There weren’t actually many contemporary reviews, and I’ve never seen one, let alone driven it. Richard Hammond drove it for Top Gear, the then baby-faced presenter seeming to love it and bubbling over with boyish enthusiasm as he slalomed his away down straight roads. Other write ups were more guarded in their praise, and seeing an old friend’s name on one of these I broke the fourth wall and asked if he had any memories. “It was fun, but also terrifying,” he said, “I turned motion sick after about five minutes and remember it felt quite sketchy in the rain and over bumps, there wasn’t much front end grip and with the cabin leaning over it was hard to tell what was going on. I enjoyed it, but I wasn’t sorry to get out of it.”
The driving experience was novel, but the Carver had other issues. Practicality was limited with a fore-and-aft tandem seating layout, although the dealer’s pictures of this one show that it does, unexpectedly, have a cup holder. The gawky looks left the front suspension and steering gear on view, but were well short of dynamic machismo. A bigger problem was the seriousness of its price tag. When the Hamster drove the one in 2003 he quoted a price of £22,500, but three years alter that had increased to £27,500 in the UK, meaning it cost the same as a Lotus Elise – a comparison it was always going to struggle to win. The Carver’s rarity in the UK suggests that very few were actually sold here, with the lack of a handed steering wheel making it easy – pre Brexit – to bring them in from elsewhere in Europe. Yet it might have been a canny investment for its first buyer, considering the dealer selling our Pill has it up for £34,995.
It would seem to be a later life import. Despite wearing a 58 registration it is showing as having been first registered in July 2016, suggesting that might have been the point at which it entered the country. There’s another clue in that its first MOT recorded kilometers, with all the subsequent ones being in miles. Use has been sparing in that time, with the official record showing that this Carver did just 31 miles between its 2017 and 2018 tests, then 29 the next year and 34 the one after. Mileage trended upwards in 2021, with the dizzying total of 1200 miles between passes. The good news is that there hasn’t been a single advisory on any of its tests, but the most recent ticket ran out last month and will need to be renewed.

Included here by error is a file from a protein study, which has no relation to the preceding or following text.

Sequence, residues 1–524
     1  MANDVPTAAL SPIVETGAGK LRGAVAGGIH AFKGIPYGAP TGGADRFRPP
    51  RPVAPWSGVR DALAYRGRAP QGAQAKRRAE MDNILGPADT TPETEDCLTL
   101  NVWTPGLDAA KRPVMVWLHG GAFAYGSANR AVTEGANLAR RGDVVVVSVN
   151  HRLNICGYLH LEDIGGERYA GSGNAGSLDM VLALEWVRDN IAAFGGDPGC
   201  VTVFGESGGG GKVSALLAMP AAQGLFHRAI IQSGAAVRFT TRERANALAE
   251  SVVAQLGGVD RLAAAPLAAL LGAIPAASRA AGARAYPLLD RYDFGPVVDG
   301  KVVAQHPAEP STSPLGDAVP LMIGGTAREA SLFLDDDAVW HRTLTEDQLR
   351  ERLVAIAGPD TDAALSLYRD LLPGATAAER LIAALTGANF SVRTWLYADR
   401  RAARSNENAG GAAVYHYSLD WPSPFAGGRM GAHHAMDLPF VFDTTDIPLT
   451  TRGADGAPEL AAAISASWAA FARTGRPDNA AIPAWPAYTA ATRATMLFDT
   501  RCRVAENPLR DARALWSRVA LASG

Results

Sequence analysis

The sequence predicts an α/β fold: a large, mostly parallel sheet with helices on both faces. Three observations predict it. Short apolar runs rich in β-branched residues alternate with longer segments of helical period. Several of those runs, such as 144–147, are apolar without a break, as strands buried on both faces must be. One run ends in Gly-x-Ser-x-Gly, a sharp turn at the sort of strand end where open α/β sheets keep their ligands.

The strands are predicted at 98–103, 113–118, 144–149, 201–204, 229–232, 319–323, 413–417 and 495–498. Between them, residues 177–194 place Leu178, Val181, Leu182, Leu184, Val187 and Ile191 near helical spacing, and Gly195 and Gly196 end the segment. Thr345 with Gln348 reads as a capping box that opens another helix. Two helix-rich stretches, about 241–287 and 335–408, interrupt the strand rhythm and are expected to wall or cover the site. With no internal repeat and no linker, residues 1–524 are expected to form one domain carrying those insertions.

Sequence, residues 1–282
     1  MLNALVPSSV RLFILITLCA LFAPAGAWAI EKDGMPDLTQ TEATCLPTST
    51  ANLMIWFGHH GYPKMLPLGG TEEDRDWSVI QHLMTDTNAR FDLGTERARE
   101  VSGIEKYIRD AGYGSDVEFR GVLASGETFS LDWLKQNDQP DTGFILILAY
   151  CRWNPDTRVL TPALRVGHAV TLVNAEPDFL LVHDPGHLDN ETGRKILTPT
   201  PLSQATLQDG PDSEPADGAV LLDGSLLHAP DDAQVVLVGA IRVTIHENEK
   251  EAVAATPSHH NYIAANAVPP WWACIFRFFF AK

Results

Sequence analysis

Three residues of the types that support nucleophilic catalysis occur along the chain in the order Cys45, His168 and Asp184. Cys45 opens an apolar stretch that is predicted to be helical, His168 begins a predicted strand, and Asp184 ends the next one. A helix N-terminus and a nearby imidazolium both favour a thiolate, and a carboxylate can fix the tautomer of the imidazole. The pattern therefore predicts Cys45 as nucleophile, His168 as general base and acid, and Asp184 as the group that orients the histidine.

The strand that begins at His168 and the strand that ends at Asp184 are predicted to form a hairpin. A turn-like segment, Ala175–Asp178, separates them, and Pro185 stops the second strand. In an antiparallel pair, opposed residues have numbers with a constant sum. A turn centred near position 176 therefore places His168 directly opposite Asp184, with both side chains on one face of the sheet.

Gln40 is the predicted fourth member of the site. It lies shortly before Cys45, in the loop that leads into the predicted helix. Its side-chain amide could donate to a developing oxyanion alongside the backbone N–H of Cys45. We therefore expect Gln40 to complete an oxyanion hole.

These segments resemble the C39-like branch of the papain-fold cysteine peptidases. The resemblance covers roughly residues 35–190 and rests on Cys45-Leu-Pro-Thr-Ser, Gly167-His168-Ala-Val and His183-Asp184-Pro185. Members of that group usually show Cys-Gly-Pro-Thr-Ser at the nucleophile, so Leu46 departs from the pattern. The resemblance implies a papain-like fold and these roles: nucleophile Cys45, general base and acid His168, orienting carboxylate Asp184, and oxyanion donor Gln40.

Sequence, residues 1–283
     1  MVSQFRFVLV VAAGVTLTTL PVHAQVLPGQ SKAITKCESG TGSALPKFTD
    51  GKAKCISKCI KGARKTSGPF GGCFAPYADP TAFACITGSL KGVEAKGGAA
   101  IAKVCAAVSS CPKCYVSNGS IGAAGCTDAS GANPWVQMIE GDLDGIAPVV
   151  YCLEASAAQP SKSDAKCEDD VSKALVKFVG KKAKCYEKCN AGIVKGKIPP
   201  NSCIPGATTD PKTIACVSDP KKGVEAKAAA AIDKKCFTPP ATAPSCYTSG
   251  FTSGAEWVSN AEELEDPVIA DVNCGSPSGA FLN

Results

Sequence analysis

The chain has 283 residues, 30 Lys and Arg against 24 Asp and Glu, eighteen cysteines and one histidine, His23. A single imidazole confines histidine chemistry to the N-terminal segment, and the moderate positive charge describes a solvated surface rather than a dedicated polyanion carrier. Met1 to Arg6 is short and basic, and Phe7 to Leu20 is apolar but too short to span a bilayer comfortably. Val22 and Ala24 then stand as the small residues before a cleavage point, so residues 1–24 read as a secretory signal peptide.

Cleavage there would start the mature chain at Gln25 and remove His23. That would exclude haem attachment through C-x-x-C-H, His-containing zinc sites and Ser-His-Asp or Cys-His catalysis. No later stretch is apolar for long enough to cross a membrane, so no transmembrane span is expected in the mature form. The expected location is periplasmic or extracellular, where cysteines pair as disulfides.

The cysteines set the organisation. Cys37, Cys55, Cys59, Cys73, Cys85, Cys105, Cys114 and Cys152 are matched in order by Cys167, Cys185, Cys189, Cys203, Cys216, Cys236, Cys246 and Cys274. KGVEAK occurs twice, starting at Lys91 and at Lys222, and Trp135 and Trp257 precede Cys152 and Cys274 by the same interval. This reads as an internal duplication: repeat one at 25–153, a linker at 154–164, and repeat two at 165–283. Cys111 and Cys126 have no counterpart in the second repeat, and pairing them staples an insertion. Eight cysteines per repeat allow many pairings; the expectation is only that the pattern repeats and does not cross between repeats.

The price being asked for this one is likely to get some bread thrown in the comments, but another example sold last year at auction for £30,300 before fees; it’s not as if they come up for sale very often. The Carver company still exists and is now offering a fully electric version with a redesigned front end but a much lower top speed – even the most potent S+ seems to be limited to just 49mph. But the ‘leccy version is also being sold for just £14,490, meaning you could have two new ones for the same price as this one. That would double the seating and give the chance to transport a family for a weekend visit to the pub. Who doesn’t love a bit of Sunday Carvery?